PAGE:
ОСОБЕННОСТИ РАБОТЫ С АНТОНИМАММИ В ШКОЛЕ

Here are some approaches that may be helpful in answering antonym questions: Remember that you are looking for the word

ОСОБЕННОСТИ РАБОТЫ С АНТОНИМАММИ В ШКОЛЕ

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g and pupils are involved in the very process of learning, that is in the acquisition of information about a new word, its form, meaning and usage; in drill and transformation to form lexical habits; in making use of the lexical habits in hearing, speaking and reading, or in language skills. Various techniques are used to attain the goal- to fix the words in pupils memory ready to be used whenever they need them.

Presentation of new words. Since every word has its form, meaning and usage to present a word means to introduce to pupils its forms (phonetic, graphic, structural and grammatical) and to explain its meaning and usage.

The techniques of teaching pupils the punctuation and spelling of a word are as follows:

  1. pure orcoscious imitation;
  2. analogy;
  3. transcription;
  4. rules of reading.

Since a word consists of sounds if heard or spoken and letters if read or written the teacher shows the pupils how to pronounce, to read and write it. However the approach may vary depending on the task set (the latter depends on the age of pupils, their progress in the language, the type of words, etc.). For example, if the teacher wants his pupils to learn the word orally first, he instructs them to recognize it when hearing and to articulate the word as an isolated element (a book) and in a sentence pattern or sentence patterns alongside with other words. (This is a book. Give me the book. Take the book. Put the book on the table.).

As far as the form concerned the pupils have but two difficulties to overcome: to lean how to pronounce the word both separately and in the speech; and to recognize it in sentence patterns pronounced by the teacher, by his classmates, or by a speaker in case the tape- recorder is used.

If the teacher wants his pupils to learn the word during the same lesson not only for hearing and speaking but for reading and writing as well, he shows them how to write and read it after they perform oral exercises and can recognize and pronounce the word. The teacher writes down the word on the blackboard (let it be spoon) and invites some pupils to read it (they already know all the letters and the rule of reading). The pupils read the word and put it down in their notebooks. In this case the pupils have two more difficulties to overcome: to learn how to write and to read the word; the letter is connected with their ability to associate letters with sounds in a proper way.

There are two ways of conveying the meaning of words: direct way and translation. The direct way of presenting the words of a foreign language brings the learner into direct contact with them, the mother tongue does not come in between, and it establishes links between a foreign word and the thing or the concept directly. The direct way of conveying the meaning of foreign words is usually used when the words denote things, objects, their qualities, sometimes gestures and movements, which can be shown to and seen by pupils, for example: a book, a table, red, big, take, stand up, etc.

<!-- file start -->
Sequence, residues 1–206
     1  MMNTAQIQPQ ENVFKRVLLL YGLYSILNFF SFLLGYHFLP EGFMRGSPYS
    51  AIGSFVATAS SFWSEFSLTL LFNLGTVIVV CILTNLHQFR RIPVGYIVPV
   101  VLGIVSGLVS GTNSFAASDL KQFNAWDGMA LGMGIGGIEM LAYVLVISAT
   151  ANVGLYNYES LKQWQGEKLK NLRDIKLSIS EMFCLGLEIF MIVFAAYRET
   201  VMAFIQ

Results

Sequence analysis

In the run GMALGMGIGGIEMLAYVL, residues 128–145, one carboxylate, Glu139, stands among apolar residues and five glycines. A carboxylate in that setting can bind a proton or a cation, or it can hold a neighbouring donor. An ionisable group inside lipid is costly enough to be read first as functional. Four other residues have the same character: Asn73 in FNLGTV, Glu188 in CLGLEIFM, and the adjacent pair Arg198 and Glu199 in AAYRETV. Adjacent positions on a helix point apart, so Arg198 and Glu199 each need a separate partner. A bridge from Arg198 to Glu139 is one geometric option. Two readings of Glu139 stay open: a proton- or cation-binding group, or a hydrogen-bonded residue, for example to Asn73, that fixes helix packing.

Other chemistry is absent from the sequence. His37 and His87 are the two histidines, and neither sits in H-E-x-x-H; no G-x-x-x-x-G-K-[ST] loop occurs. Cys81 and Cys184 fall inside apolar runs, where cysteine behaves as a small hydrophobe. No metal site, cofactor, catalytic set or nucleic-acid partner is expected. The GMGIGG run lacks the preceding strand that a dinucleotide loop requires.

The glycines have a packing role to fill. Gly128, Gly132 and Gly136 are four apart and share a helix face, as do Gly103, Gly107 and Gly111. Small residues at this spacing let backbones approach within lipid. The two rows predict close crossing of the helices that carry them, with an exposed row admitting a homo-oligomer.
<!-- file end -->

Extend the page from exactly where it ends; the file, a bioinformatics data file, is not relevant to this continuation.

The teacher should connect the English word he presents with the objects, the notion it denotes directly, without the use of pupils mother tongue.

The teacher uses various techniques for this purpose.

It is possible to group them into (1) visual and (2) verbal. The first group involves the use of visual aids to convey the meaning of unfamiliar words. These may be: besides, the teacher may use movements and gestures.

E. g., the teacher uses objects. He takes a pencil and looking at it says: a pencil. This is a pencil. What is this? It is a pencil. Is it a pencil? Yes, it is. Is it a pen? No, it is not. Is it a pen or a pencil? It is a pencil. The pupils do not only grasp the meaning of the word pencil, but they observe the use of the word in familiar sentence patterns.

 

GUIDELINES ON GIVING EFFACTIVE EXPLANATIONS

  1. Prepare

You may feel perfectly clear in your own mind about what needs clarifying, and therefore think that you can improvise a clear explanation. But experience shows that teachers explanations are often not as clear to their pupils as they are to themselves! It is worth preparing: thinking for a while about the words you will use, the illustrations you will provide, and so on; possibly even writing these out.

  1. Make sure you have the classs attention

One of the implications of this when giving the instructions for a group-working task is that it is advisable to give the instructions before you divide the class into groups or give out materials, not after!